Nothing beats making a tea from fresh herbs. This blog describes some of our best herbs for making herbal infusions but also goes into a little of the reasons why they are so good for us.
Why make Herbal infusions?
Herbal teas, infusions, are the simplest way to prepare the leaves and or flowers of herbs for use as a remedy for specific aliments or to be enjoyed generally as a relaxing and revitalising tea.
Herbal infusions are also great for digestion. Whether we eat food for enjoyment, pleasure or simply to fill up our stomachs we all take our digestive system totally for granted. We put food in our mouth as a fuel and as it’s digested our body takes the nutrients and energy it requires. Often external circumstances can upset this natural rhythm, one of the most common is modern day stress. This can be indicated by indigestion, heartburn and or constipation. When one visits a herbalist they will not simply treat the problem they will find the cause of the problem; so they often will use remedies which relax the nervous system as well as acting directly on the digestion. The digestive system responds well to herbal remedies that come into direct contact with its lining. Herbal infusions are ideal for this, they are gentle and not as strong as tinctures .
My favourite herbs for Herbal Infusions
Below are my favourite five herbs for making herbal infusions (the botanical name will take you through to the Jekkapedia post) but there are many more. Please make sure you only make infusions from herbs (or plants) that you know are edible. See my step-by-step for peppermint tea below on how to turn them into tasty teas.
Tulsi (Ocimum tenuiflorum) is the sacred herb of the Hindu and has a delicate clove-like flavour. It is very beneficial for your health and well being and is one of the key herb in Ayurvedic medicine.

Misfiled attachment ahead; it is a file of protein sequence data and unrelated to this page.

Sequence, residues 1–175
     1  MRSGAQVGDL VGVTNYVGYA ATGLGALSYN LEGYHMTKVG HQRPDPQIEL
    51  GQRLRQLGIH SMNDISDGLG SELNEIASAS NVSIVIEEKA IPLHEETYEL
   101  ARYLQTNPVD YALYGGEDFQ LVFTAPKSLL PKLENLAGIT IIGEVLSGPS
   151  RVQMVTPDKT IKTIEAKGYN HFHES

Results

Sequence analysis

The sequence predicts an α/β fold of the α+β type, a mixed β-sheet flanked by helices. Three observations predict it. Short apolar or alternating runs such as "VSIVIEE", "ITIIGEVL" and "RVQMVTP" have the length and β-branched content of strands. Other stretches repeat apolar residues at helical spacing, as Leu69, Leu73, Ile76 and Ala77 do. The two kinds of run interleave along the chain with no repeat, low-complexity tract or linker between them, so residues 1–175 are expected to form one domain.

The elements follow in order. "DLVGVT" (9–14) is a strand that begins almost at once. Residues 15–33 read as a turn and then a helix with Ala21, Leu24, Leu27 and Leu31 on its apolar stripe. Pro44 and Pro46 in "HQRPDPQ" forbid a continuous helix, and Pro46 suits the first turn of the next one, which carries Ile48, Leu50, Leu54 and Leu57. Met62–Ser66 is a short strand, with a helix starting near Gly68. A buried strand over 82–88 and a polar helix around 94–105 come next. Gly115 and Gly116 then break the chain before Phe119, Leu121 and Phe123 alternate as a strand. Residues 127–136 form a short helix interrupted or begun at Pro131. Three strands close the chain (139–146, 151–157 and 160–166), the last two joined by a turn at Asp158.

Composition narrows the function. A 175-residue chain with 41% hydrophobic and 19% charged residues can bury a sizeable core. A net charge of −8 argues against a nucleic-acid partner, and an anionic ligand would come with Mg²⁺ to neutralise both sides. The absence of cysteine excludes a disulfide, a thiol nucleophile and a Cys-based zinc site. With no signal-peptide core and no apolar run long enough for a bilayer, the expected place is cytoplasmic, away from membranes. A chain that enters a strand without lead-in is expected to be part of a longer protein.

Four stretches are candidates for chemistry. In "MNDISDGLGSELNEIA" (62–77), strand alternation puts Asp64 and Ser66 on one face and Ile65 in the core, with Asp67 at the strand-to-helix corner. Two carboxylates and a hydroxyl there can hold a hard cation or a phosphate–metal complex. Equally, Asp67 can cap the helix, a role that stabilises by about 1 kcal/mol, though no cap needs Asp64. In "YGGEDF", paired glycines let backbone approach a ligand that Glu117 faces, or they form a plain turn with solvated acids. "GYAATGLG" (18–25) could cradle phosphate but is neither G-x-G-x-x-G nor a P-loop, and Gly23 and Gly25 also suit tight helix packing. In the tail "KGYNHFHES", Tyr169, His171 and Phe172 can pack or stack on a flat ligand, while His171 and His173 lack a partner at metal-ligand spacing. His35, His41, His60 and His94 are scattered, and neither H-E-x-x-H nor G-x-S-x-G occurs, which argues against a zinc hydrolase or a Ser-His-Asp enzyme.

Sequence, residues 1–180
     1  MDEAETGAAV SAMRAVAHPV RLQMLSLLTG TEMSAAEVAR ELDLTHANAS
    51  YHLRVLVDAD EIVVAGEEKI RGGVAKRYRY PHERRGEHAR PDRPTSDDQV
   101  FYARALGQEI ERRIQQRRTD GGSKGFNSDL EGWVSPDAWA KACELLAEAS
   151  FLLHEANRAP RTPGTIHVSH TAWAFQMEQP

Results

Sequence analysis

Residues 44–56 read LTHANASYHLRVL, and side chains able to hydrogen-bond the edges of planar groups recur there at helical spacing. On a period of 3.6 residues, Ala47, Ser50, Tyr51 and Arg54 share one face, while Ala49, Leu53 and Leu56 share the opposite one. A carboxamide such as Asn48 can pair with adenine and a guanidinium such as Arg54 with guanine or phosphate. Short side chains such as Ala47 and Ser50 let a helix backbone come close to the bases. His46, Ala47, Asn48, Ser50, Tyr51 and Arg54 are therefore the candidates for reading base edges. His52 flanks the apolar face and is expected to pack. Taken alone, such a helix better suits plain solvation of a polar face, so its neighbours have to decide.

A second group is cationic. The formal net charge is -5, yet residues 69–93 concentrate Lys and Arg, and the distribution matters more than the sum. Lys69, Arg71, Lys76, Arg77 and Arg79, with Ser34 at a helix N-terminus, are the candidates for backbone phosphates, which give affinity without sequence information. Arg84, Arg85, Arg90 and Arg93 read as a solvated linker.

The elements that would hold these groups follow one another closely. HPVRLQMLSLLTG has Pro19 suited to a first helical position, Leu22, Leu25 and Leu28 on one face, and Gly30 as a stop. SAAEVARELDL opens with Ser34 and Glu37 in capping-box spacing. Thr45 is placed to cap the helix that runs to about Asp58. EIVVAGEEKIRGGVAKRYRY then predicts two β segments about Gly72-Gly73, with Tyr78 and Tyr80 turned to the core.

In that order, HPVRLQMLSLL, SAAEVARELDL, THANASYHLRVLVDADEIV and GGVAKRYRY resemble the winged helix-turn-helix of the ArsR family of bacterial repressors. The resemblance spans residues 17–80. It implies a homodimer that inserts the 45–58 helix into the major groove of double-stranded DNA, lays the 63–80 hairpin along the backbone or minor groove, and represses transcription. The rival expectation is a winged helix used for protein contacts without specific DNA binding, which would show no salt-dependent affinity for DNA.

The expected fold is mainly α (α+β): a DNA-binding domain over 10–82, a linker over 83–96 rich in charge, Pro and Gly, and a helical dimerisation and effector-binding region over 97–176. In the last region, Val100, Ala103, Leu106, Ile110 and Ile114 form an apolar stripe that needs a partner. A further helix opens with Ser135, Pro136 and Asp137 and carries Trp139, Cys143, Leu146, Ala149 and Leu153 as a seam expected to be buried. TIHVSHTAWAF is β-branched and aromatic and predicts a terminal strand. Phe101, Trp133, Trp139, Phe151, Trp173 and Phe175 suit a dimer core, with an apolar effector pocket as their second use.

Lemongrass (Cymbopogon flexuosus) made from the leaf this infusion has a wonderful lemon flavour and is both lovely hot or cold making a very refreshing summer drink or tonic.
Peppermint (Mentha x piperita) a classic infusion but still the one of the best not only for flavour but it also helps to stimulate the digestive process as well as relaxing the digestive tract. It will ease bloating and painful cramps caused by indigestion. A simple word of caution as everyone presumes peppermint tea is safe if you suffer from stomach over acidity, reflux or heartburn only drink 2 cups of this tea a day.
Rosemary (Rosmarinus officinalis) Rosemary tea is the ultimate pick-me-up: it’s a great stress reliever, alleviates headaches (and hangovers) and is even said to restore the memory. Its inimitable pure, clean scent comes from the oils in the leaves, which are antibacterial and antifungal, making it an effective remedy for halitosis.
Lemon verbena (Aloysia citrodora) the Rolls-Royce of bedtime herbal teas. It has highly fragrant, lemon sherbet scented leaves, and its mild sedative properties make it a most relaxing and calming bedtime drink. It also helps to ease bronchial and nasal congestion.
How do you make Herbal Infusions?
They are incredibly simple to make and something we often take for granted. To make your infusion, either use fresh or dried material using boiled not boiling water and drunk warm.
Peppermint (Mentha x piperita) tea step-by-step
You will need
- 5 fresh leaves or 2 small sprigs washed and patted dry.
- Or 1 teaspoon of dried leaves per person
- Boiled not boiling water
- A cup or a tea pot with lid to prevent the steam (we use a cafetiere in our Master Classes)
- A tea strainer
- Honey to sweeten if required.
- Put the mint leaves into a cup or a teapot depending on how many you are serving. Pour over freshly boiled water. The water should be just off the boil, as vigorously boiling water disperses valuable volatile oils in the steam.
- Cover and infuse for 5-10 minutes, strain using a tea strainer or a bespoke herb tea mug which are now readily available on-line.
- Drink the tea while warm with sweetened honey if required.
Source: Jekka McVicar